The global mining industry is a major consumer of energy. And in the race to net zero emissions, the industry also looks set to become a major user of lithium-ion battery technology.

Integrating renewable energy into mining operations is key to reducing the sector’s greenhouse gas emissions, which are significant. According to a report by McKinsey & Company, mining is responsible for up to 7% of greenhouse gas emissions worldwide. 

Reducing this footprint is not easy given the scale of the sector. The mining industry is immense, valued at almost US$2.2 trillion with predictions of nearly $2.8 trillion by 2027. Yet most mining operations are in remote, inhospitable locations. 

Battery energy storage can allow mine operators to store excess on-site generation from solar and wind and use it to power operations when energy demand is high, or when renewable sources are not available.

Because of this, grid connections can be shaky, expensive or absent. Batteries are therefore essential to mining’s energy transition. 

They can allow mine operators to store excess on-site generation from solar and wind and use it to power operations when energy demand is high, or when renewable sources are not available.

The mining industry can also benefit from batteries in other ways, for example using them as mobile power sources, back-up supplies and for microgrids, which can be independent of the grid and thus useful in more remote mining locations. 

Beyond reducing carbon emissions and helping mining companies comply with environmental regulations, using batteries alongside renewable energy can lead to increased mine safety and productivity, with lower operating costs.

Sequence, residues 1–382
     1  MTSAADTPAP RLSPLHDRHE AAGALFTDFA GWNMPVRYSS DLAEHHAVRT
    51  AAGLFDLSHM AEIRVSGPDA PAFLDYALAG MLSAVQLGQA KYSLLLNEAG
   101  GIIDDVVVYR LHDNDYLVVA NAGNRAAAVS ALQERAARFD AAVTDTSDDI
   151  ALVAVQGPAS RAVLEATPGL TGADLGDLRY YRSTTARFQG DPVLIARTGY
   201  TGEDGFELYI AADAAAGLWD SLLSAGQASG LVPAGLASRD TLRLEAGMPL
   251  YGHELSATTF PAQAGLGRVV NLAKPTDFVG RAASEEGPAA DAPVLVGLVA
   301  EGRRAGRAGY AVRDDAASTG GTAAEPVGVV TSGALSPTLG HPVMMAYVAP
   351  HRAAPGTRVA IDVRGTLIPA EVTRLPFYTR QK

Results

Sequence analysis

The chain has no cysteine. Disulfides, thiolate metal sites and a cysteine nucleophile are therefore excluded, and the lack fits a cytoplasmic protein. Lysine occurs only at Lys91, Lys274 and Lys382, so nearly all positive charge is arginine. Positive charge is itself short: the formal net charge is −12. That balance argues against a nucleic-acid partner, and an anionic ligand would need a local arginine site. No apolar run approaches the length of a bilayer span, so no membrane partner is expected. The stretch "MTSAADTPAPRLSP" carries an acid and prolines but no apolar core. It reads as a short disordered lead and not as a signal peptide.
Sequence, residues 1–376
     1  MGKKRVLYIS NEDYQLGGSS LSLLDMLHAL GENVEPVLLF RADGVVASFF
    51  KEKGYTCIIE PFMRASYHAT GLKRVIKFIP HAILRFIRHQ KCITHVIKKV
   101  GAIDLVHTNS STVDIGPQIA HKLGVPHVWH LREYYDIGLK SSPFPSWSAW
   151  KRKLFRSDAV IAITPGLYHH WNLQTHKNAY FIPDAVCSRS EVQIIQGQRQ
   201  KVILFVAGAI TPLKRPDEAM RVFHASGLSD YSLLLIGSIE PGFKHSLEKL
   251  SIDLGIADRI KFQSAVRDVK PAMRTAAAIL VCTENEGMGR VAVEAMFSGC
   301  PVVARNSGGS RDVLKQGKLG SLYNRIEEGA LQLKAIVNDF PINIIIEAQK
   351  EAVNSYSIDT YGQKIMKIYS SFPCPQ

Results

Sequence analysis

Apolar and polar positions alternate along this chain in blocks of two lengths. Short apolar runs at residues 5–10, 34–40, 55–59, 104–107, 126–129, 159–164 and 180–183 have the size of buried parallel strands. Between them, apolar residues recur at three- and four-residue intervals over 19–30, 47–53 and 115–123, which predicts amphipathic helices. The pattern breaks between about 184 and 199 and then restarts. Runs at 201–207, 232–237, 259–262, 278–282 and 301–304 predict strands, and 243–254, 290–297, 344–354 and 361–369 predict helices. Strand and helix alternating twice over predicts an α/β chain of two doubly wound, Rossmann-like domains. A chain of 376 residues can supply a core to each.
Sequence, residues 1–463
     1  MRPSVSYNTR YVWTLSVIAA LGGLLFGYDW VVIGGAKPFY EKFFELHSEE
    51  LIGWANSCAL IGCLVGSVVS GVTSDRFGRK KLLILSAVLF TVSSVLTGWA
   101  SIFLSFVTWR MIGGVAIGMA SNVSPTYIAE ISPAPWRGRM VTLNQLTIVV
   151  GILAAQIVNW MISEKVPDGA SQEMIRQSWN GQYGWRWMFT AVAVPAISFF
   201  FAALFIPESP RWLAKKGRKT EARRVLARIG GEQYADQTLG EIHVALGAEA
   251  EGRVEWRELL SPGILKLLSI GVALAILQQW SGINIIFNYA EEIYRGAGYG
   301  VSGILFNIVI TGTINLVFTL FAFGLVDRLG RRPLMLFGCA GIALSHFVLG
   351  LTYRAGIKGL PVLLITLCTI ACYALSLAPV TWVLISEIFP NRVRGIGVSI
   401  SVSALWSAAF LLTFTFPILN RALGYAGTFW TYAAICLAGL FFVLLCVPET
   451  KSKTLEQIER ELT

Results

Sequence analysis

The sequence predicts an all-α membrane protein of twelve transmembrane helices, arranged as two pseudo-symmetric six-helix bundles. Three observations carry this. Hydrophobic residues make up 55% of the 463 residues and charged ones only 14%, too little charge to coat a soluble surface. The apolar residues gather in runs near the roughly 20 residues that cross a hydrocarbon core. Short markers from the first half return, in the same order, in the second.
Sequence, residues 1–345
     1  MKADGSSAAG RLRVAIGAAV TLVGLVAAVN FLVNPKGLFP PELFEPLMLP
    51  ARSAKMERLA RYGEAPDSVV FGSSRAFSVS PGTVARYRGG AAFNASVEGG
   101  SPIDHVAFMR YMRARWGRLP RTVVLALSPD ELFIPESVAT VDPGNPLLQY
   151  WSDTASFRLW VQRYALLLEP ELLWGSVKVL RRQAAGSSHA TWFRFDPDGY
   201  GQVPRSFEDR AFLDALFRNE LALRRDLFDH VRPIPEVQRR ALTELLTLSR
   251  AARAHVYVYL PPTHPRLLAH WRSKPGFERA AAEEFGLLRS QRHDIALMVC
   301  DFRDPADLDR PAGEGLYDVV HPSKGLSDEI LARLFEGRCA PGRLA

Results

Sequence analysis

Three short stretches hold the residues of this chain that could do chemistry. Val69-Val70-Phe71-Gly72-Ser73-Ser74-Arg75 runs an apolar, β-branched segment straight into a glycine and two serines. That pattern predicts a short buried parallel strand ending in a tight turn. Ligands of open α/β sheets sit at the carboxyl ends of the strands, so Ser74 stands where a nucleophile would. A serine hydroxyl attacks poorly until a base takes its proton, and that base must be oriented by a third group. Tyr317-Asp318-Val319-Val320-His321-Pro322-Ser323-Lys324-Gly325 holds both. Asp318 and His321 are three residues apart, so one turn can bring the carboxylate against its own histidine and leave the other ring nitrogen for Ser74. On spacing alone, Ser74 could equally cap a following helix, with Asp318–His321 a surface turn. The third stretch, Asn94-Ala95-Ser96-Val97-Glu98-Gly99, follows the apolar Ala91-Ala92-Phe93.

This is because the energy from renewables is effectively free once the capital costs of a project have been amortised. Compared to traditional diesel or gas generation, wind and solar plants with batteries are almost maintenance-free and are less prone to failures. 

Andy Birtles, a fellow of the Institute of Materials, Minerals and Miningsays: “There is some incredible energy usage in mines, often in excess of 10 MW. Power can account for up to 40% of a mine’s costs, so anything that can bring down those costs will be a good thing.”

Mining is often viewed as a hard-to-abate sector where the move to low-carbon operations will be challenging. However, the sector has two strong motivations to rapidly embrace renewables and energy storage. 

The first is that its operations could be among the worst affected by climate change. “Mining is no stranger to harsh climates; much of the industry already operates in inhospitable conditions,” says McKinsey. 

“But forecasts of hazards such as heavy precipitation, drought and heat indicate these effects will get more frequent and intense, increasing the physical challenges to mining operations.”

Climate change could affect mining companies by flooding or reducing the supply of water to mines and by damaging nearby processing and transportation infrastructure, the consulting firm says. 

Separately, mining companies have a vested interest in the energy transition because they will supply most of the raw materials for it.